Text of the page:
Home Cosmetic Science Talk Formulating Advanced Questions Quest for the Missing Salicylic Acid

  • Quest for the Missing Salicylic Acid

    Posted by Anonymous on September 15, 2016 at 2:32 pm

    Hello,

    I am not a formulator, but I work in process validation for a contract manufacturer, and sometimes I get drawn into issues for newly formulated products.  In this case, we have pilot batches for two newly-developed products (skin cleansers).  Both are about 63% water and 7% glycerin, and both use Sodium Hydroxide as a PH adjuster.  One contains 2% (17kg) Salicylic acid, and the initial batch assay puts it about 1kg short (batch size is 850kg).  The second product is worse.  It contains 0.5% (4kg) salicylic acid, and the assay is 1.4 kg short (batch size is 800kg).  We have taken all the normal investigational steps (raw materials reconciliation, checked the filters, etc.), and we cannot find this missing material.

    Does anyone have any experience with a loss such as this? So far, this remains a mystery. 

    Thanks in advance for any help.

    Mike

    Kirk replied 7 years, 5 months ago 3 Members · 6 Replies
  • 6 Replies
  • johnb

    Member
    September 15, 2016 at 2:46 pm

    How are you measuring this loss?

    Remember that adjusting pH with sodium hydroxide will remove free salicylic acid.

    What is the function of this product? Usually a formulation containing salicylic acid requires the free acid, not its sodium salt.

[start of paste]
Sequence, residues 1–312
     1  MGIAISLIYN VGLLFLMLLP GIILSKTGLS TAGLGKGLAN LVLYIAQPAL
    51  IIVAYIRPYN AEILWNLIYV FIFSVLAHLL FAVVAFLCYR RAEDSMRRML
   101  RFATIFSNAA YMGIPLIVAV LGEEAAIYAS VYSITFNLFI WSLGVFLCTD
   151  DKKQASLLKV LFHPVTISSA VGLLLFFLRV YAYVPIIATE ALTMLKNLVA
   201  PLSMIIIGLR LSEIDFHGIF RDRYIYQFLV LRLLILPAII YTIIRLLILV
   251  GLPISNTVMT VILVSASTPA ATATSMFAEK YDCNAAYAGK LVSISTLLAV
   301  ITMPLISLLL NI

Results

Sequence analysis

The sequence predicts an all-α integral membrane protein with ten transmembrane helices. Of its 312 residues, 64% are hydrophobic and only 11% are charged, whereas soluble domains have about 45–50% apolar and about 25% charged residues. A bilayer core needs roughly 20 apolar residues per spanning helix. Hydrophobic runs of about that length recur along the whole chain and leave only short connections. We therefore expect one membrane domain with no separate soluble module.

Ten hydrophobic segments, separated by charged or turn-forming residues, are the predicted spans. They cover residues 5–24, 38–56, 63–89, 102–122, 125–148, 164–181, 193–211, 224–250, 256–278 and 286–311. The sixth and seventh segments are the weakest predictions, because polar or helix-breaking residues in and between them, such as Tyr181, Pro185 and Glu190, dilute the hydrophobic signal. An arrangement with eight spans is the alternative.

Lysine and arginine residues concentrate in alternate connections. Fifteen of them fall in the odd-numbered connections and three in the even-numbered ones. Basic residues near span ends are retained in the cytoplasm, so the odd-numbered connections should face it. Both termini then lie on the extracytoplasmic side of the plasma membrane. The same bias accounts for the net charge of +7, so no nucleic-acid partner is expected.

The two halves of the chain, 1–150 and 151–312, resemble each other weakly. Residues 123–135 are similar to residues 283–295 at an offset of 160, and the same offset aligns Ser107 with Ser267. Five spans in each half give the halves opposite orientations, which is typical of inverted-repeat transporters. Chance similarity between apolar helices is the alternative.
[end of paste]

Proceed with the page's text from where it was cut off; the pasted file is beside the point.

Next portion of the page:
• Anonymous

    Guest
    September 15, 2016 at 5:03 pm

    This is our method

    “The analysis of Salicylic Acid is achieved by using reversed phase HPLC with UV
    detection at 305 nm with a C18 column. The quantitation of Salicylic Acid in the
    sample is achieved by the comparison of the peak area of Salicylic Acid in the sample
    chromatogram to that of a reference standard of a known concentration using external
    standardization.”
    Prior to these issues, a lab batch was manufactured in which the Salicylic acid assay was within specification. 

    Facial cleansers.

  • Anonymous

    Guest
    September 15, 2016 at 5:04 pm

    Deleted repeated comment

  • bobzchemist

    Member
    September 15, 2016 at 9:58 pm

    Are you checking for Sodium Salicylate?

  • bobzchemist

    Member
    September 15, 2016 at 10:02 pm

    I’ve had this argument with analysts before - I put the correct amount of the ingredient in the batch, I made the batch and no residue was left over, but the assay shows less of the ingredient than I put in. 

    My feeling has always been - if the ingredient isn’t volatile, and there’s no evidence of it crystalizing or dropping out, then the analysis must be wrong - ingredients don’t just vanish. 

  • Kirk

    Member
    September 16, 2016 at 1:50 am

    I agree with Bob and John. I think some of your salicylic acid is converted to sodium salicylate by the addition of sodium hydroxide. 

    You can validate this by testing your production batch samples for salicylic acid and sodium salicylate. Compare the results and see if the results would add up.

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